I like to plan. I appreciate having an idea of what is going to happen and I presume others appreciate these things too. I want to put people at ease so that they will know what is going on and what to expect. I believe it is a welcoming and hospitable thing to do.
And yet, I also know that my preference to plan and to anticipate what will happen can muffle my ears and blinder my eyes to what is actually going on around me. Expecting one thing to happen means I am not willing to engage when some other thing happens.
Feeling disoriented is, well, disorienting and it is not comfortable. It leaves me vulnerable to the unknown. I experience this also on behalf of the guests who come to visit The Hermitage. For some retreatants this is their first time here and it may be their first encounter with deep silence. A key part of my job of welcoming is to orient them to how things happen here and what to expect – to remove their own disorientation and dis-ease (whether it is real or projected.)
I remember a pilgrimage my wife and I took to Ireland. Travelling is hard for me, because there are so many unfamiliar things and all my planning can’t prepare me for them all. At the first gathering of our pilgrimage group our leader named the disorientation that many (all) of us were feeling, and the importance of accepting and living in that disorientation. That disorientation is necessary if there is going to be any kind of reorientation.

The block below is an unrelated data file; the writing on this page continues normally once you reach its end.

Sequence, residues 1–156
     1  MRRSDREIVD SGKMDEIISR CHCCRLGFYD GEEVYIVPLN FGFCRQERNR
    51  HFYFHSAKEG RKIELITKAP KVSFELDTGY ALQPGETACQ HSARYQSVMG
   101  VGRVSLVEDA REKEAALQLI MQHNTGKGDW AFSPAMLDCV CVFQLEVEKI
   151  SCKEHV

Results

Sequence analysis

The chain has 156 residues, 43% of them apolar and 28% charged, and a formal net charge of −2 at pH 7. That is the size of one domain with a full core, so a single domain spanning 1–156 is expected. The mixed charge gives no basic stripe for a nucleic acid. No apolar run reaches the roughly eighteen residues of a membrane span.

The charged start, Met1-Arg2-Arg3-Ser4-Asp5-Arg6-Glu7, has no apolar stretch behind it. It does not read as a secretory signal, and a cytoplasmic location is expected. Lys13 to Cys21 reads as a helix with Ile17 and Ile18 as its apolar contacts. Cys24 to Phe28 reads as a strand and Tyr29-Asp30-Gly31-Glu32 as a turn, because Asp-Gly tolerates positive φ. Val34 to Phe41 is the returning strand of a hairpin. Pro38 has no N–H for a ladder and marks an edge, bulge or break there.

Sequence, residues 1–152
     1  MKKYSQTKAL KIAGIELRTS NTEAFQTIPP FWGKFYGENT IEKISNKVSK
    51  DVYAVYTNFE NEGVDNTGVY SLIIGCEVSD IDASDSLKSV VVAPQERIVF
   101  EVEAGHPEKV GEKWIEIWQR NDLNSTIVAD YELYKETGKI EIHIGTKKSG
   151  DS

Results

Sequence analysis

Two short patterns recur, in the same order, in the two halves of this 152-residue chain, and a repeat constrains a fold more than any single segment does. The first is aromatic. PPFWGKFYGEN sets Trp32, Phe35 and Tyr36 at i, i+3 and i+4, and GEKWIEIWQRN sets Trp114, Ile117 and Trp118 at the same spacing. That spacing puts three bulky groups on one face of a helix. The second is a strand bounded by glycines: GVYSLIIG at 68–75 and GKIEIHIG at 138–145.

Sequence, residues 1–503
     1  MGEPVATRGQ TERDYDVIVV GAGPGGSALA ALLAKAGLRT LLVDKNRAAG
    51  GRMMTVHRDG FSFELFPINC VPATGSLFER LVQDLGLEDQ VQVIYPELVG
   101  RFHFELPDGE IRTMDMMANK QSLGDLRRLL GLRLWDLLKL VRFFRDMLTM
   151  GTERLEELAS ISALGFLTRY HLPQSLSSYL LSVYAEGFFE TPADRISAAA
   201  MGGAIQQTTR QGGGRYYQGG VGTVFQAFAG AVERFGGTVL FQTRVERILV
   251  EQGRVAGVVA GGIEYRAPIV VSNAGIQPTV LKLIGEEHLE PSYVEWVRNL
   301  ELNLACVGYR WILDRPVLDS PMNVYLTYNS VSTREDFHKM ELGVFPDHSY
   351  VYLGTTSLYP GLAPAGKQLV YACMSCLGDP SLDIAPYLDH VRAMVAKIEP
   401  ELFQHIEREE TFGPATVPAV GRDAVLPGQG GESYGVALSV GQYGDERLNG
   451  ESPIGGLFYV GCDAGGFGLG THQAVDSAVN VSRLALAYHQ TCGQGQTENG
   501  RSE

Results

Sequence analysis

And so, I need to learn to allow some space for disorientation for our guests and for myself. The next time a guest arrives late for Saturday morning centering prayer after we’ve finished the introduction, (although I feel uncomfortable with the individual’s possible disorientation), I will pray that this be a time of reorientation – both for the guest and me. I will pray that we both are able to simply receive God’s reorienting welcome.